The toxicity profile can also be helpful in differentiating which one to use. We know that the incidence of neutropenia is a little higher for palbociclib (Ibrance) and ribociclib, than it is for abemaciclib (Verzenio). For patients who may have baseline cytopenias, or have a propensity to develop neutropenia, I may choose abemaciclib. On the flip side, we know that the incidence of diarrhea is much higher with abemaciclib than it is for the other CDK4/6 inhibitors. And so, for patients who don't want to deal with that on a day-to-day basis, or who have baseline [gastrointestinal] issues, I'm probably less likely to reach for abemaciclib. In the adjuvant setting where we're seeing data to differentiate the CDK4/6 inhibitors as well. We now have 2 trials, the PALLAS and PENELOPE trials, which did not demonstrate a benefit for using palbociclib. In adjuvant breast cancer treatment, both for high risk populations and average risk populations. However, we have data for monarchy, which does show a benefit for using abemaciclib, at least in terms of disease free survival for patients with higher risk for early stage breast cancer, and so that I think is starting to come into practice where people are using abemaciclib in the adjuvant setting. And of course, we're waiting for data from NATALEE to determine and whether or not ribociclib is beneficial in the adjuvant setting as well.
What are some of the most promising developments that you see on the horizon, whether it's in screening or therapy or in overall holistic treatment of a patient—including diet and exercise programs that you might be implementing?
Iyengar: I’m veryinterested in and excited about some of the newer molecular therapies that are coming down the pipeline. And we certainly have extended progression-free survival with the CDK4/6 inhibitors. And we now have a PI3K inhibitor, alpelisib, for patients with PI3 kinase-mutated breast cancer. And the other molecular targets in that pathway like AKT inhibitors, for example, are being looked at; the data is kind of mixed there. But there are other molecular targets that are under development that I think of that are of great interest.
In addition, we saw data from the EMERALD study showing benefit for an oral SERD (selective estrogen receptor degrader), which I think is going to be exciting in that we now might have an oral version of a SERD rather than having to rely on fulvestrant for injection. And certainly, in combination with molecular therapies, there are studies that are looking at combinations of oral SERDs with CDK4/6 inhibitors, for example and other molecular therapies.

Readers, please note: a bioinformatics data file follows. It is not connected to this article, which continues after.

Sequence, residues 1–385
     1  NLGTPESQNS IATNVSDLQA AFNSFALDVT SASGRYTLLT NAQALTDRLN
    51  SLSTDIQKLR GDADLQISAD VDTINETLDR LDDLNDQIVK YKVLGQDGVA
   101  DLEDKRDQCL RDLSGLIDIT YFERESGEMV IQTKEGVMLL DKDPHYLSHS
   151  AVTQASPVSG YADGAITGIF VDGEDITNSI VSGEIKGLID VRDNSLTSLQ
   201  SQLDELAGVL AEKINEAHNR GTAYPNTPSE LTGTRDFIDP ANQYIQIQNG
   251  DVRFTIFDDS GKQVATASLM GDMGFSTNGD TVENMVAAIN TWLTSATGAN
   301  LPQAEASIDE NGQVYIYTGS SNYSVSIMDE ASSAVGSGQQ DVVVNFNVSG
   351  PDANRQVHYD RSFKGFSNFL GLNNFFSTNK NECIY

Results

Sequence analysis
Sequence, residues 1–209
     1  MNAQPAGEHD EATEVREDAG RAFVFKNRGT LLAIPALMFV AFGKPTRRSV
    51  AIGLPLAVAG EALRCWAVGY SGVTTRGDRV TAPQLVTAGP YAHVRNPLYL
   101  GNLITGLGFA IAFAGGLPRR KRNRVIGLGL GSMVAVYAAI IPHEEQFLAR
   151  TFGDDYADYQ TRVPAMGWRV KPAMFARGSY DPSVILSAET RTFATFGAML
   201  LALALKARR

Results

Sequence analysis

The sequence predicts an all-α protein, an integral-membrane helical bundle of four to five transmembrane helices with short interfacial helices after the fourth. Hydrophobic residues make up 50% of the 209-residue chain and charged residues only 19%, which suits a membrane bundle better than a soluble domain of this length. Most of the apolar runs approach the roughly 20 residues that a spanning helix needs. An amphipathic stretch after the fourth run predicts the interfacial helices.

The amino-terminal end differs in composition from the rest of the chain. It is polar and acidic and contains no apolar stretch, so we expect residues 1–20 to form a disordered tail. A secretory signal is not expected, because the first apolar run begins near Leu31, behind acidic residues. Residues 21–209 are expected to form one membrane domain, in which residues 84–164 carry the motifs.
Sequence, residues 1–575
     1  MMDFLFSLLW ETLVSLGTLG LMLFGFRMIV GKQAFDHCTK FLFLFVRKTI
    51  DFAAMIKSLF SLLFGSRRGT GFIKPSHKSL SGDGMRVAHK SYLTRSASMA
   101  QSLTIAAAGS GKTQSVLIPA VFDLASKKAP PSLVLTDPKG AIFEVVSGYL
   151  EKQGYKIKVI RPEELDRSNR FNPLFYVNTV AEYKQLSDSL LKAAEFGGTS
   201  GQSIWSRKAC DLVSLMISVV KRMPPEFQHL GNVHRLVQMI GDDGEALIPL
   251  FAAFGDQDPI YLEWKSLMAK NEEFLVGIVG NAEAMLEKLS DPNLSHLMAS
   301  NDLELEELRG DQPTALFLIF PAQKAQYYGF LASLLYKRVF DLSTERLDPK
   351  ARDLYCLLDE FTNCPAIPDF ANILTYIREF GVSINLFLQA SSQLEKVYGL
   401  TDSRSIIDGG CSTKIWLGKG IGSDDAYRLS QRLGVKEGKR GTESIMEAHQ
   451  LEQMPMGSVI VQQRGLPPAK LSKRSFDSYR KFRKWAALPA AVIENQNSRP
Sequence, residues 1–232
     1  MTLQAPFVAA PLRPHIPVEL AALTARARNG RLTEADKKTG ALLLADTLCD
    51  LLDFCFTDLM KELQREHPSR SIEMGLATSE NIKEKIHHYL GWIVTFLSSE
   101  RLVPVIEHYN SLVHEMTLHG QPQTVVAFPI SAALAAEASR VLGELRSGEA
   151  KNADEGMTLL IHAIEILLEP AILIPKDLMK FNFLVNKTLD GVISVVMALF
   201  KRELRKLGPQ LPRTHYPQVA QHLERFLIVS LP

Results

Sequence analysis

And so, to give patients the freedom to go to a full oral regimen, will be an exciting advance if those studies are positive. I also think that a great area of need is in the post CDK4/6 inhibitor space. Once patients have developed hormone insensitive disease, or have progressed after a few lines of hormone therapy, the standard of care there really is chemotherapy. There are trials that are testing new agents in that space, for example, antibody drug conjugates. I think that the development and study of sacituzumab in that space is something we're watching closely.
There are other antibody drug conjugates. For example, the development of trastuzumab deruxtecan for patients with HER2-low disease might define a whole new phenotype of breast cancer that would allow for an additional line of therapy that's not chemotherapy in that space. I think that's exciting as well. But on top of all of that, we are making exciting progress in the development of non-pharmacologic therapies, but also metabolically targeted pharmacologic therapies. I think in that setting, we are now developing diet and exercise in the same way you would develop a drug so that we can have precision nutrition and exercise interventions that are matched to a patient's metabolic profile and risk profile to augment the efficacy of more traditional cancer therapies.
And the final thing I'll say is, we're recognizing that many cancers are fueled by metabolic dysfunction. Obesity is just an example of metabolic dysfunction. A lot of a lot of the drugs that we use to treat metabolic disorders may also have efficacy for cancer treatment. We’re testing for example, [sodium glucose co-transporter 2] SGLT2 inhibitors, which are approved for [type 2] diabetes treatment. We're testing that in combination with molecular therapies for breast cancer. There's a new class of drug called METAP2 inhibitors that are that were originally developed to treat obesity. But newer generations of METAP2 inhibitors are now under development for cancer treatment and have been shown in early phase trials to dramatically improve insulin sensitivity, inflammation, and adipocyte levels—those are hormones secreted by the fat and have direct anti-cancer activity because they limit angiogenesis. So, I think we're going to see a new era of what we call metabol-oncology, which is this combined targeting of traditional tumor endpoints, but also metabolic health.
AJMC®: Are there any other closing thoughts?
Iyengar: I think this has come through in our discussion today. But the major message is that we now have plenty of data which supports the benefit—and the importance of—optimizing lifestyle and optimizing metabolic health, to improve outcomes after breast cancer diagnosis, and to improve breast cancer risk. And yes, it's not an easy intervention. Getting someone to lose weight or to diet and exercise can be challenging. But these are also low toxicity interventions, they help people feel better. And on top of that, if they also help make our treatments work better, if someone can be on a CDK4/6 inhibitor for a longer period before they must go on to harsher therapy, for example, that really underscores the utility of optimizing metabolic health. My message would be, at the very least, to not forget about the importance of healthy lifestyle, and diet and exercise interventions for our patients with breast cancer.